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After 22 years, Jay Leno said goodbye to 'Tonight,' with help from Billy Crystal, Garth Brooks

Fans wait outside NBC Studios before the final taping of

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Fans wait outside NBC Studios before the final taping of "The Tonight Show with Jay Leno," Thursday Feb. 6, 2014 in Burbank, Calif. On Thursday, Leno is stepping down for the second and presumably last time, after 22 years. Leno, 63, said he plans to continue playing comedy clubs, indulging his passion for cars and doing such TV work as comes his way — other than hosting on late-night. (AP Photo/Nick Ut)

NEW YORK, N.Y. - Make way for Jimmy Fallon.

"Tonight Show" host Jay Leno ended a stellar if sometimes stormy run Thursday night with high emotion at concluding what he termed "the greatest 22 years of my life."

Calling himself "the luckiest guy in the world," Leno went out on top, which was where he stayed for most of his stretch as the successor to "King of Late Night" Johnny Carson.

His exit, not entirely by choice, now clears the deck for yet another chapter of the 60-year-old talk show, with Fallon taking over as "Tonight" moves back to New York from its longtime Los Angeles home on Feb. 17.

"You're very kind," Leno told his audience at the start of his last monologue. "I don't like goodbyes. NBC does. I don't care for them."

He had said goodbye to "The Tonight Show" before.

His first departure came in 2009, when he was briefly replaced by Conan O'Brien but reclaimed the show after a messy transition and O'Brien's lacklustre ratings. In '09, he was moving to a prime-time show on NBC; this time he's out the door, and has said he'll focus on comedy clubs and his beloved car collection.

"I don't need to get fired three times," he cracked. "I get the hint."

Looking sharp in a black suit and bright blue tie, Leno was greeted by a standing ovation from the VIP audience. The typically self-contained comic betrayed a bit of nervousness, stumbling over a few lines in his monologue as he looked back comically.

"When I started hosting, Justin Bieber wasn't even born yet," Leno marveled. "That's why we called those 'the good old days.'"

The worst part of leaving NBC's employ, he joked: "Now I'll have to sign up for Obamacare."

But later Leno was serious, even choking up, when he shared that he'd lost his mother the first year he became "Tonight" host, his dad the second and then his brother.

"And after that I was pretty much out of family. And the folks here became my family," he said of the crew and staff of "Tonight."

The tender moments had a heightened effect on a show that was mostly aiming for laughs, with traditional monologue jokes, clips from old shows and a wild assortment of celebrities helping him close the book.

Leno brought his show full circle with Billy Crystal, who was his first guest in May 1992 and his last guest Thursday. Crystal played ringmaster at one point, calling on Oprah Winfrey, Jack Black, Kim Kardashian, Carol Burnett and others for a musical tribute to Jay with a "Sound of Music" song parody.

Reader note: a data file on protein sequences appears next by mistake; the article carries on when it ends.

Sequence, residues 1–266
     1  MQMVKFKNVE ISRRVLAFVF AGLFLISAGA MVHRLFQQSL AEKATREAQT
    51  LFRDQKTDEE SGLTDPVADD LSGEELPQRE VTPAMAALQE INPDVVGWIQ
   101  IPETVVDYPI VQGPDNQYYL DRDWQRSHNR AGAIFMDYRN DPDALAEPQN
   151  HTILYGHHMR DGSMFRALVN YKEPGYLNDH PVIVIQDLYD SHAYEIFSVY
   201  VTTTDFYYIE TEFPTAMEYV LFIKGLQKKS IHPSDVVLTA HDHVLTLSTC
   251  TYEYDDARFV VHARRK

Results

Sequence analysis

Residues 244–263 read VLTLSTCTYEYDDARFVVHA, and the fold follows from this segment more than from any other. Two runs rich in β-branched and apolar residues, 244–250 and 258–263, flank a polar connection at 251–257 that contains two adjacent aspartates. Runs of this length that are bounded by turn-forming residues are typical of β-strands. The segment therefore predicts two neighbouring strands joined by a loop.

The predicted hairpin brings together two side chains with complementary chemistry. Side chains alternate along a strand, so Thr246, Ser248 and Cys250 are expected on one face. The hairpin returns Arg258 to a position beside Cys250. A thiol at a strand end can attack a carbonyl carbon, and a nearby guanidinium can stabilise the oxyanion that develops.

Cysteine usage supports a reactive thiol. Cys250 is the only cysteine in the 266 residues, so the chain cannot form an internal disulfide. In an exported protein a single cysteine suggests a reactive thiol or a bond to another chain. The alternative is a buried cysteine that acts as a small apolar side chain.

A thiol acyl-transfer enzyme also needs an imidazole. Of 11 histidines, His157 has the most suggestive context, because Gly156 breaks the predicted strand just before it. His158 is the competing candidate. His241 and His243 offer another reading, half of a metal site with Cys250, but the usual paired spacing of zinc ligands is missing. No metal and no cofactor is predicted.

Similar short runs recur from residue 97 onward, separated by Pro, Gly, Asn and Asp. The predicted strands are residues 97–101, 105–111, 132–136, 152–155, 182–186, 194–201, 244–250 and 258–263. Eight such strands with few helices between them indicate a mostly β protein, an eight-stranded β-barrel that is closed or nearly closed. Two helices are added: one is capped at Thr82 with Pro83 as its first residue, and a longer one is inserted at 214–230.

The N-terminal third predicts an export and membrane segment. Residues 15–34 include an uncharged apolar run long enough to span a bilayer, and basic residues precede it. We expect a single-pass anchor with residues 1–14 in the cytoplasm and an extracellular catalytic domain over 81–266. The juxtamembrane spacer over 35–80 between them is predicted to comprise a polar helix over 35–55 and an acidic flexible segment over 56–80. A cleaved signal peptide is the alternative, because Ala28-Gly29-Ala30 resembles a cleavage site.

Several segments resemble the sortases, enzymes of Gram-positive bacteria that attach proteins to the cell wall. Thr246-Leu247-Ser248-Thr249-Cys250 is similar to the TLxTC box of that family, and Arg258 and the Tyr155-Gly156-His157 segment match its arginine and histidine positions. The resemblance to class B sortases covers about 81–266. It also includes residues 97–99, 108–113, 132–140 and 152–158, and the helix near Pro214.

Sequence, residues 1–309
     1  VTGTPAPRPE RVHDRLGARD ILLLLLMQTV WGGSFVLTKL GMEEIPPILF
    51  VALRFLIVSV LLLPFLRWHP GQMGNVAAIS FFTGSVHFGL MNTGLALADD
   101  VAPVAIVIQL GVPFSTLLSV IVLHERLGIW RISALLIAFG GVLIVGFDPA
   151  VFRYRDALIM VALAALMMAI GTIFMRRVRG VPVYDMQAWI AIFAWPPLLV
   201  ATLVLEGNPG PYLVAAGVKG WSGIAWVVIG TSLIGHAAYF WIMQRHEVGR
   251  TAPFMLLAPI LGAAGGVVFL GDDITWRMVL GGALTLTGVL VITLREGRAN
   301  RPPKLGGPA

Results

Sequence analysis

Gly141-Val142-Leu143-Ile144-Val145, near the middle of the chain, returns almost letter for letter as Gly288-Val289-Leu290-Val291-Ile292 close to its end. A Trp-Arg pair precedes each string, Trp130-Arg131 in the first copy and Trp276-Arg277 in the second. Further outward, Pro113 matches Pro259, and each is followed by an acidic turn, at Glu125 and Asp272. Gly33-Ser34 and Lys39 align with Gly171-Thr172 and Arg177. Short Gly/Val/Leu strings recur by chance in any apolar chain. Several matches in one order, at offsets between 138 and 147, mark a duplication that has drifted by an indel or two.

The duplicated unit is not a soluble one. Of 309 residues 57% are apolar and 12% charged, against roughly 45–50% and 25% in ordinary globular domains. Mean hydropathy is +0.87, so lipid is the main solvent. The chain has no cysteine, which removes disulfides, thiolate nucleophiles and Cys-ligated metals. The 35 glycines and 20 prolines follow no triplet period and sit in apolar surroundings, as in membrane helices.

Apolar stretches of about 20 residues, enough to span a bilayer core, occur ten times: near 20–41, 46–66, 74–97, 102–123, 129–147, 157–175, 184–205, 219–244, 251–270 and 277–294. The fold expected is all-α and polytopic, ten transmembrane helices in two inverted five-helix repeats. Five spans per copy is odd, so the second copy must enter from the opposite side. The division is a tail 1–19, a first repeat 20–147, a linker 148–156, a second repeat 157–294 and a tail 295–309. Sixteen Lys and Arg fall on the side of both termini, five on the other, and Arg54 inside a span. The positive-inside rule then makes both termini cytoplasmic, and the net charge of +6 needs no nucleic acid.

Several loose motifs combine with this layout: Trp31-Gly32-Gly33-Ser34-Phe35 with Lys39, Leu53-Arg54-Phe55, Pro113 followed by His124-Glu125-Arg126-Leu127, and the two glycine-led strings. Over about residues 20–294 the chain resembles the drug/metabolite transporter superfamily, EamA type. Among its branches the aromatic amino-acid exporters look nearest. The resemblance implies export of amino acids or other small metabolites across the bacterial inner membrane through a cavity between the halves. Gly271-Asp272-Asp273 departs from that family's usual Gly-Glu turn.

"So long, farewell, auf wiedersehen, goodbye. If Fallon tanks you'll be back here next year," sang Jack Black.

"The Big Bang Theory" star Jim Parson's contribution: "We've watched you when we're weary. Your great success is called the big chin theory."

In a videotaped segment, celebrities offered career advice to Leno.

"Why would I give a (expletive) about what he does? He's a grown man," said Mark Wahlberg.

President Barack Obama, like other politicians a favourite target of Leno's, struck back in his clip.

"Jay, you've made a whole lot of jokes about me over the years, but do not worry, I'm not upset," Obama said, adding that he was making Leno the U.S. ambassador to Antarctica. "Hope you have a warm coat, funnyman."

Crystal sang Leno's praises during the show, saying the late-night host made America feel a little better at bedtime and invoking his predecessor, Johnny Carson. Leno's "Tonight" tenure was second in length only to Carson's 30 years.

"You were handed the baton by one of the all-time greats. But once it was in your grasp, you ran the race," Crystal said. He and Leno, longtime friends, reminisced about the old days, with Leno recalling how Crystal and other comedians visiting his town, Boston, stayed in Leno's apartment.

"You're calling it an apartment. I'm calling it a bomb site," Crystal joked.

Leno told how he was poised to make his network debut on Dean Martin's show in 1974 when news came that President Richard Nixon had resigned in the Watergate scandal. Leno's appearance didn't happen.

"Making me the last guy screwed by Nixon," Leno said.

Garth Brooks performed his touching song "The Dance" before Leno's likewise touching farewell remarks.

"Now that I brought the room down," Leno joked, he asked Brooks to lighten it up. Another Brooks' song "Friends in Low Places" closed out the show.

Leno, 63, has said he plans to continue playing comedy clubs, indulging his passion for cars and doing such TV work as comes his way — other than hosting on late-night.

"I'm real excited for Jimmy Fallon," Leno told his audience. "It's kind of fun to be the old guy and sit back here and see where the next generation takes this great institution."

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AP writers Lynn Elber and Derrik J. Lang contributed to this report.

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Online:

http://www.nbc.com

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